Shopping for a digital camera today can be mind-boggling. There are dozens to choose from. At first glance, Kodak’s Z950, an ultra-zoom pocket camera, looks like a middle-of-the-road choice. However, with a 10x optical zoom, a Schneider-Krueznach lens, High Def video, manual exposure controls, and an Intelligent “Smart Capture” Auto mode there may be more to this camera than meets the eye. We set out to investigate.
This Kodak camera comes in the typical bright yellow and black Kodak box, as shown in Figure 1.
Inside the box, as shown in Figure 2, you will find the camera, a Li-Ion rechargeable battery, a USB charging cable , a USB AC adapter for the charging cable, a software disk. Not shown in a very small black nylon wrist strap. In the box, you will also find a small 26-page User’s Guide which is written in English, French, Spanish, and Portuguese.
The Z950 is not as small as some digital cameras that we have reviewed. At 4.3" x 2.6" x 1.4" (10.9 x 6.6 x 3.5 cm), and 8.6 ounces (243 grams) it is larger than the Nikon Coolpix S600 , the Panasonic Lumix DMC-FX500, or the Olympus Stylus Tough 6000. While this Kodak will fit in most shirt pockets, it is sure to cause quite a bulge. It is definitely not an ultra-compact camera, but size-wise, it is comparable to some choices from Panasonic, Canon, and others.
The front of the camera with the lens expanded is shown in Figure 3. The lens automatically expands and contracts and the lens cover opens and closes when the camera is powered on and off.
Figure 3: The Kodak Z950 with open lens.
The Z950 is a no-frills camera that comes only in black. The design is industrial–looking. The body is mostly plastic, but has a fairly sturdy feel. The camera has rounded edges which will help it slide in and out of a case or pocketbook. The area to the right of the lens has a large rubberized grip, which is quite comfortable to hold.
[nextpage title=”The Hardware”]
The front of the camera is shown in Figure 4. The built-in flash is at the top. Just below that are three holes for the microphone. To the other side of the lens is the self-timer/video/AF assist light.
Figure 4: The front of the camera.
Most of the camera’s controls are on the top of the camera, as shown in Figure 5. At the left is the Mode dial with icons for Smart Capture, a sport scene mode, a panorama mode, other scene modes, a program auto mode, aperture priority, shutter priority, manual mode, and a video mode. Just to the right of the mode dial is the power/charging status light.
Next to that is the on/off button which is slightly recessed. You have to press your finger quite hard to press this button. We often found ourselves using a finger nail to complete the press. Next to the on/off button are the flash button and the self-timer/burst button. Both of these are slightly raised and easier to press.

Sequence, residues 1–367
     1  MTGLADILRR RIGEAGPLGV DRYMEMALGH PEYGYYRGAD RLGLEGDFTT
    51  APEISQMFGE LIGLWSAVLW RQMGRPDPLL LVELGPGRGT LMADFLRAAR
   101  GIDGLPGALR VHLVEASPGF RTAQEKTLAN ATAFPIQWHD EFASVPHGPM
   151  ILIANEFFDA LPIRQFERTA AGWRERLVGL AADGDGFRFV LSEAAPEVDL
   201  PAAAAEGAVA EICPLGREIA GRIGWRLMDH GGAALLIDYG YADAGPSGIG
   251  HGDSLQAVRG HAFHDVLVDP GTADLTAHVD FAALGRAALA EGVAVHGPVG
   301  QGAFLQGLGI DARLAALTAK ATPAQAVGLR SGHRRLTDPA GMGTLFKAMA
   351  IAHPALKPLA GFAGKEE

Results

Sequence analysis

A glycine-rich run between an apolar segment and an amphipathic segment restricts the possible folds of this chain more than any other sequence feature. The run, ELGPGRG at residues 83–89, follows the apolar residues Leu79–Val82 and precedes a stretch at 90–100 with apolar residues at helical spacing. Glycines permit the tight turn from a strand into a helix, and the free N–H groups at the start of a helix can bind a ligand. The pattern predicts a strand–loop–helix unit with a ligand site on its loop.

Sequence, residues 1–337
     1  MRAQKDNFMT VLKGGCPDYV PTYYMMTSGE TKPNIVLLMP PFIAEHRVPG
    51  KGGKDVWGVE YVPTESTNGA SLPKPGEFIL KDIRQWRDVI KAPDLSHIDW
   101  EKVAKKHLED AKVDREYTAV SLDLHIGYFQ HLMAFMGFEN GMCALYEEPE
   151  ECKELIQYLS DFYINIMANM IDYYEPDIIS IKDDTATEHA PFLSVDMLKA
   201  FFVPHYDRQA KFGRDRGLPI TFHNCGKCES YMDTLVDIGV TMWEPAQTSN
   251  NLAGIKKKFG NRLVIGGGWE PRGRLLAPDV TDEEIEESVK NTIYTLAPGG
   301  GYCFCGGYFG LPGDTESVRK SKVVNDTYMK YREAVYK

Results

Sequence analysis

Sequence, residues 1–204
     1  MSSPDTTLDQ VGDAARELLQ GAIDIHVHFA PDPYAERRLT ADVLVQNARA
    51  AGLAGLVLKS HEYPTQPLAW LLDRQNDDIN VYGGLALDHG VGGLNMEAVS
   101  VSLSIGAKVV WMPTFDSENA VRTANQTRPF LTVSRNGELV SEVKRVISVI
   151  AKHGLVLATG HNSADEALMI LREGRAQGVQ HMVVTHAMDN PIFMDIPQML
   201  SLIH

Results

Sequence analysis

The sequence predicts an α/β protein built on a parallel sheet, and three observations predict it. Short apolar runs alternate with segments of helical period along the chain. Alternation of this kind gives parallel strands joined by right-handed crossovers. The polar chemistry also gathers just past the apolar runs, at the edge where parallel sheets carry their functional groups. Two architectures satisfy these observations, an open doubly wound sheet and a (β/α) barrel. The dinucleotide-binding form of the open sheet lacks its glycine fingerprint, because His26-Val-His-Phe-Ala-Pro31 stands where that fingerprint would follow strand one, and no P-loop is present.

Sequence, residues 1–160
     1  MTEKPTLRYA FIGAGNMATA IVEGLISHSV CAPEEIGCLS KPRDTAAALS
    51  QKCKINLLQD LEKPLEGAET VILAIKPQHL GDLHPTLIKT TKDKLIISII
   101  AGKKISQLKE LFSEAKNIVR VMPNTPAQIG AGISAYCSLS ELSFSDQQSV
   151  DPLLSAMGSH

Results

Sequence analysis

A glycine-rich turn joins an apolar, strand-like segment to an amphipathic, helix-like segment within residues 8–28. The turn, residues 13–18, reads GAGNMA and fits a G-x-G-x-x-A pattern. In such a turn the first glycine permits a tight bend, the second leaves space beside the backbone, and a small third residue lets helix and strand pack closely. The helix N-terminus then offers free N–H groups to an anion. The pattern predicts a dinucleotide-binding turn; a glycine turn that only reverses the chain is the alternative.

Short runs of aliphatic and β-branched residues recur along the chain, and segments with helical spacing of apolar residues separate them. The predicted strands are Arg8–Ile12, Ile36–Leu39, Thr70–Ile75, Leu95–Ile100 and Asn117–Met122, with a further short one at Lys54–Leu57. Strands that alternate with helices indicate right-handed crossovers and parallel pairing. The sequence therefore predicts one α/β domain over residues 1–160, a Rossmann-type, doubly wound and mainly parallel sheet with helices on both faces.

Figure 5: The top of the camera.
On the right side of the top of the camera is the shutter button. The shutter button is encircled by a zoom control which has an easy-to-use tab that controls the zoom. Both the shutter button and the encircling zoom ring are shiny black. We found this easier to use than many other Kodak cameras that have a rocker-type switch for the zoom. Unfortunately, the zoom control is plastic. Although it is fairly responsive, it feels a bit flimsy.
On the back of the camera, shown in Figure 6, is a large, 3 inch LCD screen. Although we loved the size of the screen, we felt that it lacked the clarity found in many competitors’ cameras. To be honest, the screen always looked just a tad bit muddy and a tad bit blue. This is a minor irritation to those of us who look at a lot of digital camera screens. Many end users will find this quite acceptable. One big plus is that the LCD screen is pretty clear even in bright sunlight.
Figure 6: The back of the Z950.
The buttons are arranged in a different pattern than most digital camera. There are four rectangular buttons are arranged in a vertical line. This gives the controls a very clean look. Yet, each button is slightly raised in the middle, making them easy to use. The top button is the Delete button. Below that are the Menu button, Info button, and Review (Play) button. Each of these has different functionality depending on whether you are in the Capture mode or the Playback mode.
Each button has an icon next to it that represents its function. While the icons for the menu, info, and play buttons all seemed logically representative, the delete icon looks like a pot with a cover. We may have missed the real meaning, but this in no way represented “delete” to us.
Next to the vertical row of buttons is the speaker and below that is a four-way joystick which you use to make choices of on-screen options. The center control is pressed to confirm your choice. Below the rocker is the Share button. The Share button marks images for printing or uploading them to a PC when using the EasyShare software that is included with the camera.
[nextpage title=”The Hardware (Cont’d)”]
The bottom of the Z950, shown in Figure 7, has a plastic door that opens to reveal the batter and SD memory card slot. Unfortunately the door is very flimsy. Although the hinges are metal and the door swings open gingerly, we had to question the durability of the door itself.